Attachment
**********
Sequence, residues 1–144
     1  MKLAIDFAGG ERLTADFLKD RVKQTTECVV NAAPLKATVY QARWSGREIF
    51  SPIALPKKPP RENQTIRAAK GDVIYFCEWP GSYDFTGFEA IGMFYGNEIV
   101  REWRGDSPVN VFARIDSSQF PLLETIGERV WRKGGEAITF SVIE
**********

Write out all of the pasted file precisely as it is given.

Sequence, residues 1–144
     1  MKLAIDFAGG ERLTADFLKD RVKQTTECVV NAAPLKATVY QARWSGREIF
    51  SPIALPKKPP RENQTIRAAK GDVIYFCEWP GSYDFTGFEA IGMFYGNEIV
   101  REWRGDSPVN VFARIDSSQF PLLETIGERV WRKGGEAITF SVIE